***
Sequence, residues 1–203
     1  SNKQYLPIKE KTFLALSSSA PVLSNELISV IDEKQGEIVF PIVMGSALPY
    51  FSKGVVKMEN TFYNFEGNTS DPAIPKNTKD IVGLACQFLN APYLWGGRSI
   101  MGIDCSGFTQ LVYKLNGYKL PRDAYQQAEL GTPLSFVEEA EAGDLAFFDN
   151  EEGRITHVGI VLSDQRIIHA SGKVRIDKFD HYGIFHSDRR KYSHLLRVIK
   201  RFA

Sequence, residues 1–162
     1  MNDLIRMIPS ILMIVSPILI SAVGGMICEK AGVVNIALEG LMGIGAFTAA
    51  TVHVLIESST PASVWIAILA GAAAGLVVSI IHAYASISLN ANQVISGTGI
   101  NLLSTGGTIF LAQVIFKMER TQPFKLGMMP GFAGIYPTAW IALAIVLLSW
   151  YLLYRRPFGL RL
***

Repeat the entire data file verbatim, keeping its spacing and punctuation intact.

Sequence, residues 1–203
     1  SNKQYLPIKE KTFLALSSSA PVLSNELISV IDEKQGEIVF PIVMGSALPY
    51  FSKGVVKMEN TFYNFEGNTS DPAIPKNTKD IVGLACQFLN APYLWGGRSI
   101  MGIDCSGFTQ LVYKLNGYKL PRDAYQQAEL GTPLSFVEEA EAGDLAFFDN
   151  EEGRITHVGI VLSDQRIIHA SGKVRIDKFD HYGIFHSDRR KYSHLLRVIK
   201  RFA

Sequence, residues 1–162
     1  MNDLIRMIPS ILMIVSPILI SAVGGMICEK AGVVNIALEG LMGIGAFTAA
    51  TVHVLIESST PASVWIAILA GAAAGLVVSI IHAYASISLN ANQVISGTGI
   101  NLLSTGGTIF LAQVIFKMER TQPFKLGMMP GFAGIYPTAW IALAIVLLSW
   151  YLLYRRPFGL RL